The rebound fell into the hands of Ibaka, but his putback was ruled no good after replay showed that it left his hands a half a second after the final buzzer.
“It looked good when it left my hands,” Durant said of his final attempt. “And Serge’s tip was just a half a second late. But we just got to move on.”
Brooks said he left the decision up to Durant.
“He has opportunities to catch and drive...but I give KD that decision to make a play,” Brooks said. “It was a tough shot. No question. It was a tough shot.”
And another tough break in crunch time.
In Game 2, the Thunder suffered a 111-105 overtime loss when, in the final 30 seconds, Ibaka traveled and Durant missed two 3-pointers.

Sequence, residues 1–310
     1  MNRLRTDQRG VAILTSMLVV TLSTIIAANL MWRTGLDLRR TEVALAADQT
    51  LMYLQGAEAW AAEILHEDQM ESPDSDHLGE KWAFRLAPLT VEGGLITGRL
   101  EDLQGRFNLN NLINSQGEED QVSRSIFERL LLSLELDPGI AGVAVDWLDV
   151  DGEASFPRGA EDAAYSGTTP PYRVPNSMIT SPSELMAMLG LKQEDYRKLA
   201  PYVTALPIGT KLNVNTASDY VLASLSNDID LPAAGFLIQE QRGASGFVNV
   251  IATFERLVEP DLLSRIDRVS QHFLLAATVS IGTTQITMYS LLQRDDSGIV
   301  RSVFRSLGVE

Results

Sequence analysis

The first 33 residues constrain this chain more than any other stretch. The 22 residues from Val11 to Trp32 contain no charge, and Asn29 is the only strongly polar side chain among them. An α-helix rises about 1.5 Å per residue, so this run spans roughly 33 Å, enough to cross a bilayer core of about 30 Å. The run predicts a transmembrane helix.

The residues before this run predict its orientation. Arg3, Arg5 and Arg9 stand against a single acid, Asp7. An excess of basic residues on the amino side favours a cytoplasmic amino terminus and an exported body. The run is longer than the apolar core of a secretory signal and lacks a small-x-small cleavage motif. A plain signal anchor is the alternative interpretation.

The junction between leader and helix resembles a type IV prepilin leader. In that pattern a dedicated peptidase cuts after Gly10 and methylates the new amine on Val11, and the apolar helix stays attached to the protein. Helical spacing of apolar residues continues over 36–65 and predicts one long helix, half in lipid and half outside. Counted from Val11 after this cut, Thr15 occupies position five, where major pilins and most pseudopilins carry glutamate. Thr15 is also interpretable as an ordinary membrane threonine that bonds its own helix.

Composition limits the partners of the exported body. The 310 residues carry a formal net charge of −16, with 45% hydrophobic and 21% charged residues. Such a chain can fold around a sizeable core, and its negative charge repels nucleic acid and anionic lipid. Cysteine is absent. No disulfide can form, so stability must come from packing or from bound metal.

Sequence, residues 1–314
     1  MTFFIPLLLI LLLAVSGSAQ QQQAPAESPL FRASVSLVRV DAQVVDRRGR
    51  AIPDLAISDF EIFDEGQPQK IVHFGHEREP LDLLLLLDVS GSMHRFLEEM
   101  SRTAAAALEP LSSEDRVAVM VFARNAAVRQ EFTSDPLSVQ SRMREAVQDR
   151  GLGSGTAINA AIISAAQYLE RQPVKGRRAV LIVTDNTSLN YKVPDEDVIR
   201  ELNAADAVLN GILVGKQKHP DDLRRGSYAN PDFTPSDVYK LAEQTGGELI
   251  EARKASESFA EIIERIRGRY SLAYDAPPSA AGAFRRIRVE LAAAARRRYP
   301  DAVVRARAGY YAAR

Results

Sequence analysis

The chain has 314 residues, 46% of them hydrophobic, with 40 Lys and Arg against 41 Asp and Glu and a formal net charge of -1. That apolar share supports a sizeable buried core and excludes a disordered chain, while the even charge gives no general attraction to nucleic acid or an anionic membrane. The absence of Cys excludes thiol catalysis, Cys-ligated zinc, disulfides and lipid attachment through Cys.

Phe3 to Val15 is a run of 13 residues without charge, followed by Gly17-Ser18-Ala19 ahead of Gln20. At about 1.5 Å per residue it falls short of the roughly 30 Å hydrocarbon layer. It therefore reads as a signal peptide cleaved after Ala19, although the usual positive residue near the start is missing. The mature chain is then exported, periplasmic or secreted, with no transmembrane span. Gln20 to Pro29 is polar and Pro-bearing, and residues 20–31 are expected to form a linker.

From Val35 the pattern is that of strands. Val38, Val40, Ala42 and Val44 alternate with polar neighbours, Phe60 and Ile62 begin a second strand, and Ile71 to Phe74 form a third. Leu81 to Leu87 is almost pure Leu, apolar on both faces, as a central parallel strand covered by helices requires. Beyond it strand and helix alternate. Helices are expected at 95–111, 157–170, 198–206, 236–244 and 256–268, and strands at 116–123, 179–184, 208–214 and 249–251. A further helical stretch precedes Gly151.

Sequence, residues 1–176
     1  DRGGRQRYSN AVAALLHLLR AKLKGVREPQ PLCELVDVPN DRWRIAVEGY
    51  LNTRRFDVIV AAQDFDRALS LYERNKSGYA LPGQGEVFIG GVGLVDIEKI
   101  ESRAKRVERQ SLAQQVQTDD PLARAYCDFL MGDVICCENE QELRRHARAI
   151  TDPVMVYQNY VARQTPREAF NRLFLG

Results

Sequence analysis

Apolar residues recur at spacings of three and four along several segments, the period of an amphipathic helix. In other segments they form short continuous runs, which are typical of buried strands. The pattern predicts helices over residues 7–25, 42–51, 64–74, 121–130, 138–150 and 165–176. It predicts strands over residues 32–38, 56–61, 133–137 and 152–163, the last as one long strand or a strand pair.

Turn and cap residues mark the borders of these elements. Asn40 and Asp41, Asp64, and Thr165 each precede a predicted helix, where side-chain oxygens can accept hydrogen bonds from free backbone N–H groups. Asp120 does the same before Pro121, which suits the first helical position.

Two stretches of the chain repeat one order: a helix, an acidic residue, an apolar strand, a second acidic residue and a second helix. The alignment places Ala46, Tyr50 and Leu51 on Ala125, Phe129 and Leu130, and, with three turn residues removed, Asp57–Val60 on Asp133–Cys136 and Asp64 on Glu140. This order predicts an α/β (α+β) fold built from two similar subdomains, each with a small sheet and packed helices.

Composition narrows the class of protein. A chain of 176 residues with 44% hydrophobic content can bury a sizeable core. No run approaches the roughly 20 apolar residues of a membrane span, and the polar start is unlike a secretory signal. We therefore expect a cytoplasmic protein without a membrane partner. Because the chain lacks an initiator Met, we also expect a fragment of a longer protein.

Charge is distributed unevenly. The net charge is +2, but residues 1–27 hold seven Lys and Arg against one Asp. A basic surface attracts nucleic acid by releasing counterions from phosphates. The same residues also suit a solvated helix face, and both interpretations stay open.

In Game 3, Durant missed a questionable off-balanced 3-point at the end of regulation and Westbrook and Durant both fired ill-advised 3-pointers with the Thunder down just three with more than 20 seconds showing on the game clock. The Thunder walked out of that one on the wrong side of a 98-95 decision.
“A couple of plays here or there could have went our way,” Brooks said of Game 5.
Instead, the Grizzlies, staying true to their grit-and-grind philosophy, stole them.
They’ve now done it twice in Oklahoma City.
“We’re a team that’s able to bounce back from adversity,” said Grizzlies guard Mike Conley “It just says a lot about the resiliency of this team and the focus of it.”
Now, the Thunder, on the brink of what would be an alarming first-round exit, must find a way to get another one in Memphis, inside the rowdy arena affectionately nicknamed “The Grind House.”
“We got to impose our will from the beginning of the game,” Durant said.